Google Stadia Founders Are Fuming Over Launch Issues, Missing Access Codes

Google Stadia
After all of the hype and anticipation—and there was plenty of both—Google's cloud gaming Stadia service has arrived, and some early adopters are pretty pissed at what has been delivered versus what was advertised. Part of it boils down to the usual growing pains, especially for a project this ambitious. Still, the annoyances are starting to pile up.

One of the big complaints has nothing to do with gameplay or performance, but missing access codes. Some of the people who preordered Stadia—a group referred to as founders, because they purchased the Stadia Founder's Edition—are still without their access codes days after the service launched.

"We're aware that some of you who pre-ordered Founder’s Edition may not have received your invite codes in the expected time-frame. The Stadia team is actively investigating this issue, and we’ll be back with an update as soon as possible. Thank you for your patience," Google stated in a Reddit thread.

Users were quick to pounce on Google for saying only "some" Stadia owners had been left in limbo, though Google held firm in a followup post.

"We're sorry for the delayed responses. We've identified an issue where a small fraction of Stadia access codes were sent out of order. That has been addressed. We've continued to roll out codes in the sequence in which we received your pre-order. We look forward to seeing you on Stadia," Google said.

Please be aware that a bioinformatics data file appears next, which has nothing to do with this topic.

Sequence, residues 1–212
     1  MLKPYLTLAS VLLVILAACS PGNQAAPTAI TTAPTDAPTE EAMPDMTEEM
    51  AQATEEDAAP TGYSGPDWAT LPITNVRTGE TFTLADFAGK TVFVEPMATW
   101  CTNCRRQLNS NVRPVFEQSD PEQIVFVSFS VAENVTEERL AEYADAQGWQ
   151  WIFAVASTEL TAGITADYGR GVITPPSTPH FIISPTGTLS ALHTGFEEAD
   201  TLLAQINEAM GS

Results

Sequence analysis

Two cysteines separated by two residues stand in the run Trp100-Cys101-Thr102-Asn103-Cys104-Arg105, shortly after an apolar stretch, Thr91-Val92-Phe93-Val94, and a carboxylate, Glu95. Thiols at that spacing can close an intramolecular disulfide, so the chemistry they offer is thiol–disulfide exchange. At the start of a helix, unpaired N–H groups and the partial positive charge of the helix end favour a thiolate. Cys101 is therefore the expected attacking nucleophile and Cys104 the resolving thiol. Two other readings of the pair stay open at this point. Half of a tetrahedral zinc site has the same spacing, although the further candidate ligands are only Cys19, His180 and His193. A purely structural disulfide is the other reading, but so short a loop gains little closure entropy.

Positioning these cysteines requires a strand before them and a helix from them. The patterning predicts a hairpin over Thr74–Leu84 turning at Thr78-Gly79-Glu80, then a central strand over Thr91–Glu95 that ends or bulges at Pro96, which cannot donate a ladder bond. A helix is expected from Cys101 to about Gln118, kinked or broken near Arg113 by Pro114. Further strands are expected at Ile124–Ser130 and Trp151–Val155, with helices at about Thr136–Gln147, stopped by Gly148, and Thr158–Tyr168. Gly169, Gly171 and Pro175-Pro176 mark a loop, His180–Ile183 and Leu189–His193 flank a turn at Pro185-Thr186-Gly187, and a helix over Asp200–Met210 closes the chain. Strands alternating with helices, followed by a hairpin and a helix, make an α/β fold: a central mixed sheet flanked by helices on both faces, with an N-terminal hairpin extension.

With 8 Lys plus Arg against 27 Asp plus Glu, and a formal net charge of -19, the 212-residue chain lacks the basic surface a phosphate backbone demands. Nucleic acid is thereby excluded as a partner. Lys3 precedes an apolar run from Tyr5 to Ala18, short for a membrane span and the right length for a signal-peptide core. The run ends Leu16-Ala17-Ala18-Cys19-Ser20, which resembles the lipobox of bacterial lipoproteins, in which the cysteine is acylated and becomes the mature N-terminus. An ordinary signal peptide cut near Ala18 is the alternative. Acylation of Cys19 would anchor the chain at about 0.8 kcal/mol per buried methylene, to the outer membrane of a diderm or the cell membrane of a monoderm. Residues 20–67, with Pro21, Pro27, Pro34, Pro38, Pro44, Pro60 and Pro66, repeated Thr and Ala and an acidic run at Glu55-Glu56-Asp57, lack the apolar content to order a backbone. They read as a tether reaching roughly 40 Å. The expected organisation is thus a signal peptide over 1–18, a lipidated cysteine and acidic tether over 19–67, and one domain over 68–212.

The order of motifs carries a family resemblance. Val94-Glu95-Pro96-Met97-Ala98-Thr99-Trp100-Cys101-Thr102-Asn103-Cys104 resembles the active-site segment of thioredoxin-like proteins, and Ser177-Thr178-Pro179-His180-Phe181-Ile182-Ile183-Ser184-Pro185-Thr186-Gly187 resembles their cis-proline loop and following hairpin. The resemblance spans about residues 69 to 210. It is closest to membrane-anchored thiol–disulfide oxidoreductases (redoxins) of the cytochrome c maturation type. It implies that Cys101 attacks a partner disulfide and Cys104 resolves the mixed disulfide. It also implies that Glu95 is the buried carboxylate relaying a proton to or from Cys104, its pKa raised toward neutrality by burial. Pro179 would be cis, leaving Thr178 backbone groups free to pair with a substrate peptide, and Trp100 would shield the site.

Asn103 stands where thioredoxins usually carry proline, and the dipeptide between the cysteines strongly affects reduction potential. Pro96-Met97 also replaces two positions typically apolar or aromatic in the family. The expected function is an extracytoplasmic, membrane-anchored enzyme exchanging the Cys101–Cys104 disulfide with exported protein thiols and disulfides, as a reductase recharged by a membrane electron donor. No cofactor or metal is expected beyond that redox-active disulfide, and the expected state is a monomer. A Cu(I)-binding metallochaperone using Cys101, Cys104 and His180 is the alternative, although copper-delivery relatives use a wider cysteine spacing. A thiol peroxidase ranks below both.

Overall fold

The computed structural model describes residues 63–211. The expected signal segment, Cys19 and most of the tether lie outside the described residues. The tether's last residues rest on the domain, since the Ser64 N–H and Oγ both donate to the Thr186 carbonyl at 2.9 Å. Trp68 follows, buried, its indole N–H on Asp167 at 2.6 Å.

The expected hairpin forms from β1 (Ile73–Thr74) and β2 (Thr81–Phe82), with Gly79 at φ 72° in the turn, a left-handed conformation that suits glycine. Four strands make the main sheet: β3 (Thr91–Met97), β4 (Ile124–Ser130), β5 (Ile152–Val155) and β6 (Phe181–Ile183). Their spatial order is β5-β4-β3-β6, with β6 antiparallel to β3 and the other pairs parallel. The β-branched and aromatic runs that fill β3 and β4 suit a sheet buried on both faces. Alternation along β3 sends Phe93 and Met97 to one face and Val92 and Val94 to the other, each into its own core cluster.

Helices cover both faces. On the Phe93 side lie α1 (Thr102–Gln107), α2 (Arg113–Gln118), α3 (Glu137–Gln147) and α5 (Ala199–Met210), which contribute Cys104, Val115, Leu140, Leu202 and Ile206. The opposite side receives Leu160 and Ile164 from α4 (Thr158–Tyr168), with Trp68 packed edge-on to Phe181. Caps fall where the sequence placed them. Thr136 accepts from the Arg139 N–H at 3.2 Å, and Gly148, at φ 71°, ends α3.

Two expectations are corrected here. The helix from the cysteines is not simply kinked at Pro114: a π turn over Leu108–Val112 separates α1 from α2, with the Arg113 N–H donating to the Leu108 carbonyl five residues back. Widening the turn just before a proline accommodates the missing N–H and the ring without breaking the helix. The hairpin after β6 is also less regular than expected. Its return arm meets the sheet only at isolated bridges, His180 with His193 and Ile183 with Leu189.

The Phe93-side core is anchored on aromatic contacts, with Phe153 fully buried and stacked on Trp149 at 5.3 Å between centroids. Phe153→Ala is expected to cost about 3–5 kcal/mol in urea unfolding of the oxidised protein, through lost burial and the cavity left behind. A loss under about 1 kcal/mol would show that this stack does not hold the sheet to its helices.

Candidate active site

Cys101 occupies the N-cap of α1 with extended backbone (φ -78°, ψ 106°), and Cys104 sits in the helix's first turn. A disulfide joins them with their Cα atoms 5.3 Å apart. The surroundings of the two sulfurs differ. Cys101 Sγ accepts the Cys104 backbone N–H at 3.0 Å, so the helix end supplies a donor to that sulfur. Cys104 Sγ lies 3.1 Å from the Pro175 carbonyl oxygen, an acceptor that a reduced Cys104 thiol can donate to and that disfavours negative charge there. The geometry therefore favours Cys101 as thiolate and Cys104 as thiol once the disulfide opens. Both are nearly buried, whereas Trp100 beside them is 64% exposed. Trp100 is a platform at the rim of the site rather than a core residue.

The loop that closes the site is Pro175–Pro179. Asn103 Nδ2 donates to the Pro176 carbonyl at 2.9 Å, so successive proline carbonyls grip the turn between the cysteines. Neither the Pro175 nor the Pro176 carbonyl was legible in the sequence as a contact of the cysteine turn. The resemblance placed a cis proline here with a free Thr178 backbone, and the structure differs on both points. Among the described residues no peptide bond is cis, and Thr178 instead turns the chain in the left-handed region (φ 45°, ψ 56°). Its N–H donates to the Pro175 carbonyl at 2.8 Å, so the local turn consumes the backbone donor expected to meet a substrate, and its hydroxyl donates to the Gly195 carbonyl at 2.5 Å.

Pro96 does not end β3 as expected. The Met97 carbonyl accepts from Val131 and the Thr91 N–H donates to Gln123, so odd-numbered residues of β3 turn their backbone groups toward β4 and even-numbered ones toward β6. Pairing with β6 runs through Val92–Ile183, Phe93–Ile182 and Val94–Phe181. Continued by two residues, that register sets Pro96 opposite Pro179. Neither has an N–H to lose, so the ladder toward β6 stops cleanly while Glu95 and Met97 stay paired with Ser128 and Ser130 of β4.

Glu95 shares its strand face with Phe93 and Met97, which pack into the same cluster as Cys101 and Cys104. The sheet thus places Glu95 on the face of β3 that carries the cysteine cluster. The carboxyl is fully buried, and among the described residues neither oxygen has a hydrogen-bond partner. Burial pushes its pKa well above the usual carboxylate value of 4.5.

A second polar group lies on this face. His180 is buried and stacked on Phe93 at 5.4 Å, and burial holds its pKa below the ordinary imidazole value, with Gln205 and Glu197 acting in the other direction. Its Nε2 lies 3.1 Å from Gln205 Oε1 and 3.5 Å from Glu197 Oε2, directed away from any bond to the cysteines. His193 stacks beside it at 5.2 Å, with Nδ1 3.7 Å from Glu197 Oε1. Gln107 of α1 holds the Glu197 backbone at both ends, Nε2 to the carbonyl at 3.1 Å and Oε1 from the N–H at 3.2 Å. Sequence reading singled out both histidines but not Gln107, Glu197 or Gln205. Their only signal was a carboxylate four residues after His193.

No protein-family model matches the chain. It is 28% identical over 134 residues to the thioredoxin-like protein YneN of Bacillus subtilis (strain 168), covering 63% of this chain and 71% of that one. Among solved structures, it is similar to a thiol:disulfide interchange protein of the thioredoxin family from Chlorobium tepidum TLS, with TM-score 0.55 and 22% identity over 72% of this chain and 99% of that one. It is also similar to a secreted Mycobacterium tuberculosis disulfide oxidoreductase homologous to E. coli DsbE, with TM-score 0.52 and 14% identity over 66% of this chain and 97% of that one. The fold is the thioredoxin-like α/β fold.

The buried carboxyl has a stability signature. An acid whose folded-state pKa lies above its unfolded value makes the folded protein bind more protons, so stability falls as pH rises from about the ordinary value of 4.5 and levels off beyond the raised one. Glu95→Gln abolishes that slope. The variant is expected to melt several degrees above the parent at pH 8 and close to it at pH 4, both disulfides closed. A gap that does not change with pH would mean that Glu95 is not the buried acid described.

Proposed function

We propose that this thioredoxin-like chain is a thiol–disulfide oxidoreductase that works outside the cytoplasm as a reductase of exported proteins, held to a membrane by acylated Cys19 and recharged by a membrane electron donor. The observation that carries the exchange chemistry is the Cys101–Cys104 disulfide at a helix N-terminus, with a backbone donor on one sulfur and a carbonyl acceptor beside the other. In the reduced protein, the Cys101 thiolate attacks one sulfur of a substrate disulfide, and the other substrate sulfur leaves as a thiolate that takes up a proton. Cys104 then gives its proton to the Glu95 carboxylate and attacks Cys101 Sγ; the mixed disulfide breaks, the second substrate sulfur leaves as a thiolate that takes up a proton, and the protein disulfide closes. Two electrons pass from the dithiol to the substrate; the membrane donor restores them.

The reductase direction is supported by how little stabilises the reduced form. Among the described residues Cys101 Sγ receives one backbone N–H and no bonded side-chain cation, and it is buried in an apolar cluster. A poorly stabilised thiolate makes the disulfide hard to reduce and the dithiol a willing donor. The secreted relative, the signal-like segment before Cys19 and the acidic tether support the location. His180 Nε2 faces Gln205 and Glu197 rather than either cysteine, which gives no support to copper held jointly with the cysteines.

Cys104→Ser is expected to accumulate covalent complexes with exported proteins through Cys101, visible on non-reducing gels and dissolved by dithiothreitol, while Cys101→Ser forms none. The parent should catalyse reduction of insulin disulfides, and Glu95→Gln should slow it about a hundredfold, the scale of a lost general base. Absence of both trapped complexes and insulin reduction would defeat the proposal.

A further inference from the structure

The responses are not sitting well with some users. During an AMA session prior to Stadia's launch, Google hammered home that "Stadia IS NOT A BOX!" that users would receive their invite codes right after shipping their orders.

Part of the issue with the delay in receiving an invite code is that some users who jumped in early with the expectation of reserving a unique username may miss out.

It's not just about missing codes, though. Some early impressions have been mixed, but one thing that's clear is Google has completely solved the issue of latency and performance. Over at Forbes, Paul Tassi called the launch "a technical, conceptual disaster."

"I am genuinely amazed with how shockingly bad Stadia has performed at my home over the course of many sessions," Tassi wrote, while noting his internet connection is solid with wireless speeds between 200-350Mbps.
Tassi complained of "periodic stuttering issues with massive resolution and frame drops." And he's not alone. Gene Park at The Washington Post dubbed Stadia "unplayable at times, magical in others," with "horrendous latency" plaguing the experience on a browser or 4K TV.

"Even walking in a straight line was a challenge in the otherwise lovely indie game Gylt, the console’s only exclusive title," Park wrote.

There's also the issue of several missing features at launch, such as achievements. Google will flip the switch on those and other items as time goes on, but in the early going, it seems Stadia is very much a work in progress rather than a finished product.
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